I was able to figure out that you are unit 44F in the Galaxy. I reviewed your marketing history and the problem became immediately obvious. You were priced way too high for way too long. I don't think you realized that a North/West facing unit is worth a lot less than an unit that faces midtown/downtown Manhattan.
If you had priced your unit at $359,900 18 months ago, you'd have been long gone.
However, at this point you seem to be priced OK. The next step is to make sure your unit looks great and more importantly, smells great. NO COOKING ODORS - NO SPICES. And if you have a cat, no cat box smell. Also make sure your windows are IMMACULATE. Cloudy northwestern views are much worse than crystal clear northwestern views.
Also, I have to say it. Your pictures are awful. The lighting is terrible. Let's go over them 1 by 1.
#1 - Picture of the Galaxy. Nice picture.
#2 - View. Awful, taken on a cloudy, hazy, day, and blurry to boot. Looks like it was taken with a cell phone.
#3 - Entry. Awful. Get rid of the floor vase and that red carpet. You have granite floors, the photo should emphasize gleaming granite floors. You have to light the floor properly so that it shines in the photo.
#4 - Living room. Get rid of the red area rug, get rid of the pillows on the floor. Rotate the right sofa counterclockwise so that if faces the camera more.
#5 - Terrible, backlighting has totally washed out this photo. And again, we have the pillows on the floor and that red carpet. Get rid of those immediately.
#6 - Not as bad, but is should be shot from higher up, and turn on the track lights!
#7 - Hall pictures should really be avoided, they are never compelling. But if you leave it in, get rid of the huge brown thing hanging on the wall. It cramps the space.
#8 - Terrible. All I see is clutter on the dresser in the front right corner of the photo. And the exposure is screwed up. The window is a white blob. If shot correctly, the room and the view can both be captured in the photograph.
#9 - Why are the window treatments drawn? Why is the lamp off? You need a much wider angle lens here. The room looks tiny and dominated by the bed. And it looks dark, again due to backlighting.
#10 - Stock photo of the pool, but even that stinks. One would think that the sky is never blue around the Galaxy.
#11 - Stock photo of indoor pool. It does the job.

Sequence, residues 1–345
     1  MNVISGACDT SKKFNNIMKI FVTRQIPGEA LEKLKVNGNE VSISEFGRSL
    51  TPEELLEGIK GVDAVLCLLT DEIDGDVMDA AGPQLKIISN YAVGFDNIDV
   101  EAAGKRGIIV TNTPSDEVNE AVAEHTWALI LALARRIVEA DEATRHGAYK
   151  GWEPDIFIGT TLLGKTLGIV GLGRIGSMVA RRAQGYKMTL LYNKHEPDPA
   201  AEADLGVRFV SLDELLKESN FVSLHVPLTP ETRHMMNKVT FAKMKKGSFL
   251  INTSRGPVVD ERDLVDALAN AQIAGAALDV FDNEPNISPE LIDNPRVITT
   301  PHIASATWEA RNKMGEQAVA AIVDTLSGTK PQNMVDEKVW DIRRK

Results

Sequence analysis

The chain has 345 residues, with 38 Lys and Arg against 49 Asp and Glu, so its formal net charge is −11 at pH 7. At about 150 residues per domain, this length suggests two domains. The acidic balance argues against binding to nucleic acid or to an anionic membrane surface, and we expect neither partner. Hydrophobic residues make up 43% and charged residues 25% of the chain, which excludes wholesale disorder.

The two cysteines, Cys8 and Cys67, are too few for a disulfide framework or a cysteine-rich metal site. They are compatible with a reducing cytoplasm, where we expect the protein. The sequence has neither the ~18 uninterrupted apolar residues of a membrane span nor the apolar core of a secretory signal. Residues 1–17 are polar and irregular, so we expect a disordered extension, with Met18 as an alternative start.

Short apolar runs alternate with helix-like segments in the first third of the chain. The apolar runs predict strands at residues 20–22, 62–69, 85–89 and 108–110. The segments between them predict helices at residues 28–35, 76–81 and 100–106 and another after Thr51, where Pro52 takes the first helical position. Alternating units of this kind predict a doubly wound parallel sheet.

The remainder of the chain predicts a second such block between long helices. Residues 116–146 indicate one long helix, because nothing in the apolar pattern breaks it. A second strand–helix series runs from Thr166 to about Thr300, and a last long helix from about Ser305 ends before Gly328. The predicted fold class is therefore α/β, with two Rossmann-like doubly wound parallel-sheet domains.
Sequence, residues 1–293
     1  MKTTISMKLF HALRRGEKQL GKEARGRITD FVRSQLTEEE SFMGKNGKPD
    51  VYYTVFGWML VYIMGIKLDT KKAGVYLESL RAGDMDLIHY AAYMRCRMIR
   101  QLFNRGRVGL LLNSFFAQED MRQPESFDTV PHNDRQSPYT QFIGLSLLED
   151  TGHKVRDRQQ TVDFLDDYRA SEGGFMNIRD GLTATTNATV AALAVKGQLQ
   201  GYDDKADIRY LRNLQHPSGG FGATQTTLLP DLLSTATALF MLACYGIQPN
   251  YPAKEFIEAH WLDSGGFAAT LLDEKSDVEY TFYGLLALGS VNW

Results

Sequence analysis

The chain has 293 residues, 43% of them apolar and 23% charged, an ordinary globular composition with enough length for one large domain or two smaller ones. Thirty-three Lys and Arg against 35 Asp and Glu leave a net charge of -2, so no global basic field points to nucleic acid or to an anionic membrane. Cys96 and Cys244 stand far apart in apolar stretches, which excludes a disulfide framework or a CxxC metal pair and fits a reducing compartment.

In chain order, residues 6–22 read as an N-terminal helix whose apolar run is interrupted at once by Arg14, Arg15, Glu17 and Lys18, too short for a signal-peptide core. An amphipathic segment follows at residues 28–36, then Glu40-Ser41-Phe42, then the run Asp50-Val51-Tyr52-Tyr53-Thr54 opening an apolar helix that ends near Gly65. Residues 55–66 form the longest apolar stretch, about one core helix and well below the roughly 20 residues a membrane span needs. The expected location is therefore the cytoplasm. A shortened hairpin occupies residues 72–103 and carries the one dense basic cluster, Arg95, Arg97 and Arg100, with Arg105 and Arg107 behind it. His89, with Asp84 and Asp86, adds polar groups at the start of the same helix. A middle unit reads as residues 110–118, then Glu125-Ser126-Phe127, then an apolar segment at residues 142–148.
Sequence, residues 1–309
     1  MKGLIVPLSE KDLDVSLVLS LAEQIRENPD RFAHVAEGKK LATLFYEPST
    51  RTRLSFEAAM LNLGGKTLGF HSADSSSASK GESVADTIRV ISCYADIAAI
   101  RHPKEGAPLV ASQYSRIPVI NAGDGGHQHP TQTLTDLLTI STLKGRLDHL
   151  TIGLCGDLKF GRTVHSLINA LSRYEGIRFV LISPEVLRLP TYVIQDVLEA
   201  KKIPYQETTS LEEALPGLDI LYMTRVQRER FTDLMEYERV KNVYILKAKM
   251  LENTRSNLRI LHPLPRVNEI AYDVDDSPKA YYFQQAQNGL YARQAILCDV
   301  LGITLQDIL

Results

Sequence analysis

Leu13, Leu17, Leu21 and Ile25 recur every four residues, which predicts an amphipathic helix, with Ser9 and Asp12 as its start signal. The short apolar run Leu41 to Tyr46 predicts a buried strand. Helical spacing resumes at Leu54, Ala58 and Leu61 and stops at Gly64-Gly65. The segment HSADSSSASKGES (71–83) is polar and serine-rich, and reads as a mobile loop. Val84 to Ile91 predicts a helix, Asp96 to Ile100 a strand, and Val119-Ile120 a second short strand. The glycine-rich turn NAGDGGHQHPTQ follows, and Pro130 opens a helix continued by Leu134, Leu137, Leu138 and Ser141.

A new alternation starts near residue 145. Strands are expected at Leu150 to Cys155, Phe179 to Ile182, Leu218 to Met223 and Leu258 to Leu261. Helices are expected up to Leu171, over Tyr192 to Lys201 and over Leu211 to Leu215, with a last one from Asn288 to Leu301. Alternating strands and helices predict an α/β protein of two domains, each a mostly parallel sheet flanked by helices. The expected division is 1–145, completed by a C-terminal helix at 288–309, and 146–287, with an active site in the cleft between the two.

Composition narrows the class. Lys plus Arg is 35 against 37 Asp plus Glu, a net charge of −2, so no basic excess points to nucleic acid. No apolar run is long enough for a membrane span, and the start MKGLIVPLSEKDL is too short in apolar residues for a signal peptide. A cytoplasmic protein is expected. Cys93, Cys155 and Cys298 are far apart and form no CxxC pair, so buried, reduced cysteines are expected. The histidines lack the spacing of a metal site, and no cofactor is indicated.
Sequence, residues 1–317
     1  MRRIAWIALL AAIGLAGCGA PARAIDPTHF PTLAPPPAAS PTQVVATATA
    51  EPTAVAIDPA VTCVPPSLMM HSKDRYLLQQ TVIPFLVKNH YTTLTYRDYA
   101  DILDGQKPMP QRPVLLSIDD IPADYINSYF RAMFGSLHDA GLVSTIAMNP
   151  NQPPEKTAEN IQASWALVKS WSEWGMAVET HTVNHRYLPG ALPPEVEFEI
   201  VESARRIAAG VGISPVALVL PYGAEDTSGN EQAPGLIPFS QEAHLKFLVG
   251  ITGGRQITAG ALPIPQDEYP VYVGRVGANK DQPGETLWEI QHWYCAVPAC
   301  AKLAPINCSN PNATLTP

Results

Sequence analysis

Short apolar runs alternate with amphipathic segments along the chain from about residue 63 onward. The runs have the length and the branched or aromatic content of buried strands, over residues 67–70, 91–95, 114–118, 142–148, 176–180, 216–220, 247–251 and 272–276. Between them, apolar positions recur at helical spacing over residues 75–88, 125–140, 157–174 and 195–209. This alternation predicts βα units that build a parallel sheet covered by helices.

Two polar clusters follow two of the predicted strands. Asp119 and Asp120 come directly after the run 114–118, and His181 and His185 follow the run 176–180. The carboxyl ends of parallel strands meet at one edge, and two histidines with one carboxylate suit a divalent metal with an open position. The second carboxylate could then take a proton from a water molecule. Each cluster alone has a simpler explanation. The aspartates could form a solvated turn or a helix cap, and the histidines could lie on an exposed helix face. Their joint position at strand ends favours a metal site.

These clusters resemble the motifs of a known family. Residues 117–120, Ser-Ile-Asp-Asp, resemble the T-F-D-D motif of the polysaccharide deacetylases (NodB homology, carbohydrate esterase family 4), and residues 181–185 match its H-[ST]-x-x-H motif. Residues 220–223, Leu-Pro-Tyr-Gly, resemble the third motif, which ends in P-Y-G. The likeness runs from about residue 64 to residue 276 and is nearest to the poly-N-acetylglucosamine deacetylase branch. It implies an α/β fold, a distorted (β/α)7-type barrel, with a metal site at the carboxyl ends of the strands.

#12 - Gym. Let's shoot right into the mirror so we can get a blinding flash bulb to distract us from the fact that the building has a gym. Yes I'm being overly sarcastic. But bad photos like these make me mad.
#13 - Compsition is good, but the shot is blurry, and again we have a gray sky.
All in all, the photos rate as awful. And photos are all a transferee in California or London can go on. You really need a complete re-shoot with a proper camera on a clear day. Many people will not visit your unit with photos like these. Also, where is a picture of the most important room, the kitchen? You have Corian counters, so I assume your kitchen is not awful. You really need a nice bright kitchen picture as part of your photo package.
To anyone about to list their apartment or home: Learn from this post. Photos are HUGE in the era of Internet shopping. Make sure you review your Realtors listings and evaluate the pictures from those listings. If they are not beautiful, you need to find a Realtor who either 1) takes amazing photos, or 2) is willing to hire a professional to shoot the listing package.
I invite you to visit my site below and go through some of the topics there. I think it will help.
I think it's time to have a 'Be Honest' with yourself and your agent. What went wrong and where are you today. It's time to analyze everything - pricing, marketing, property condition, your own involvement in the sale, goals and motivation, and the strength of your agent.
I definitely would have your property reshot. Professional photos are a must.
It's time to price your property below everything else available to move it. If you aren't prepared to do that, rent it out.
I was reviewing your previous questions and the answers. You might want to review them too.
There is no problem. Homes are selling. According to Trulia over 40 homes have sold in your area in the last three months. I am sure that you are up to date on the news:
1. buyers are having a more difficult time qualifying due to tighter lending standards.
2. Values are declining - look at the Trulia chart, price per square foot
3. I do not mean to be rude, but it does not seem that you have followed the advice given..or at least you have not posted anything.
During the last year how many homes like yours have sold?
How many properties are on the market like yours?
How many showings have you had? it sounds to me, assuming competent marketing by your Realtor, that you are "chasing the market". As the market declines you are lowering your price, but you are still behind the market.
How did you arrive at the price? Remember, it is not how much you paid, how much you owe, or how much you need to net. It's what the buyers say it's worth. Realtors will rarely show an overpriced home unless it is to get their buyer to buy one that is a better deal.
No offers...lower the price. No showings, lower the price. or just rent it out and take it off the market.